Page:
New Delhi, Apr 16 (ILNS): The Delhi High Court today upheld an order of the Central Administrative Tribunal (CAT), which rejected the Rajasthan government’s dismissal of an IPS officer, because the officer was having an illicit affair and also had an issue from a woman other than his wife.
The High Court pointed out that it was not willing to interfere into any government servant’s private life, if it did not interfere with his work as an officer. The original rejection of the dismissal order was challenged by the government in the High Court.
The officer is involved in a divorce case with his estranged wife, while he lives with the other woman. However, the Division Bench of Justices Rajiv Sahai Endlaw and Amit Bansal said: “If CAT were to find that the misconduct was in the realm of private life of government servant and such misconduct in private life, though breaching the ethical standards, did not affect the public at large or did not become an issue so as to disturb the peace and harmony in the living quarters of its servants and did not disturb the image of the service and the government servant concerned, had ultimately settled the issue to the satisfaction of the aggrieved private party, this Court would not ordinarily interfere.”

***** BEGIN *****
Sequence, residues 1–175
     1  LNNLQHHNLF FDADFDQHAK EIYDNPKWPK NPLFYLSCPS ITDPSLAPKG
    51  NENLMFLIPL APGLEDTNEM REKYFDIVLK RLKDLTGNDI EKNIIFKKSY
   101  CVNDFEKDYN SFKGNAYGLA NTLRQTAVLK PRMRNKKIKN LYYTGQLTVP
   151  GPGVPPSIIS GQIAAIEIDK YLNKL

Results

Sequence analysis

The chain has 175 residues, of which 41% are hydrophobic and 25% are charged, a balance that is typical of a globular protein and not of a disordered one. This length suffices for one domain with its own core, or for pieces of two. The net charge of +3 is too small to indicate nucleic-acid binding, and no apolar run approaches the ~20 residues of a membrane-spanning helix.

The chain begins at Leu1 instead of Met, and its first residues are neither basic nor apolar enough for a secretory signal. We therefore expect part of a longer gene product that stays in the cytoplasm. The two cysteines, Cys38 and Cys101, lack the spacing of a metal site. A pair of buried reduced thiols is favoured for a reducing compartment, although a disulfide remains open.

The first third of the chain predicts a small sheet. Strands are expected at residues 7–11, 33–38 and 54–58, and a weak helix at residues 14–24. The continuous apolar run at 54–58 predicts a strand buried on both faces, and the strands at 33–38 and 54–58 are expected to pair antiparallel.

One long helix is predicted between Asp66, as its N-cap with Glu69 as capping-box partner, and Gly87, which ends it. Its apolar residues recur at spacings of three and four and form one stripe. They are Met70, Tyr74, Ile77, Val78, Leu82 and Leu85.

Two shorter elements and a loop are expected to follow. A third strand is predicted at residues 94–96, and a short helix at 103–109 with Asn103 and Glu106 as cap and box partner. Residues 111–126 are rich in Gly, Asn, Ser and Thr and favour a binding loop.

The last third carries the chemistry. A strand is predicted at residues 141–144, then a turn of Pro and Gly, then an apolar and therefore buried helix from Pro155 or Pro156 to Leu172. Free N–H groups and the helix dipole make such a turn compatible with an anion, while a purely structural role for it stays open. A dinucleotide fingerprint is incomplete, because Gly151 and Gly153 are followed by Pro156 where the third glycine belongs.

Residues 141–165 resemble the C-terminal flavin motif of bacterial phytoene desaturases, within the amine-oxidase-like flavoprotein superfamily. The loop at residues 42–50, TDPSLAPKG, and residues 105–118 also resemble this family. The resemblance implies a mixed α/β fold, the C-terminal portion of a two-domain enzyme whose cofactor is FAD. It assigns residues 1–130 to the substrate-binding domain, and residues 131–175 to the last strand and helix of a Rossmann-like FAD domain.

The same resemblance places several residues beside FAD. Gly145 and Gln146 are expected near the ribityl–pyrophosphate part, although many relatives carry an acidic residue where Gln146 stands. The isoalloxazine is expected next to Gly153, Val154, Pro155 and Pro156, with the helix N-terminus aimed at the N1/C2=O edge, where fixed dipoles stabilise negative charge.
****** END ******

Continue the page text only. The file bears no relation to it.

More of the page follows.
Senior Advocate Manish Singhvi, appearing for the Rajasthan government, submitted: “The sentence meted out…of dismissal from service for contracting a second marriage during the subsistence of his earlier marriage, while in an elite service as the IPS, cannot be said to be so disproportionate so as to shock the conscience of this Court.”
However, the counsel appearing for the IPS officer submitted that the first wife of the officer was never interested in living with him and rather, wanted to marry someone else and has also given an affidavit in this regard.
The bench noted: “Ethical standards have been changing over the last half a century, when the All India Services (Conduct) Rules were framed and the said Rules, like law, have to be considered as a living organism, the purport and meaning whereof changes with the changes in societal behaviour.
“It was the contention of the Court that what may have been unethical standard in 1968, is not necessarily unethical today or not necessarily unethical of such severity as in 1968, the society has changed with a lot of affairs of family, which earlier were a matter of public debate, being now confined to the private domain, the concept, definition and standards of morality also has been changing, with the changes in appearance, dressing, language etc, the behaviour which shocked 50 years ago, is now considered as normal or at best an aberration.”
Observed the bench: “CAT is right to that extent, that the Disciplinary Authority did not consider the effect of the divorce having ultimately been granted between the respondent No. 1 and his wife and which divorce was by way of a settlement; it is thus not as if the first wife of the respondent No 1 was left with any grievance whatsoever.” ILNS/GM-KR/SJB/SNG/RJ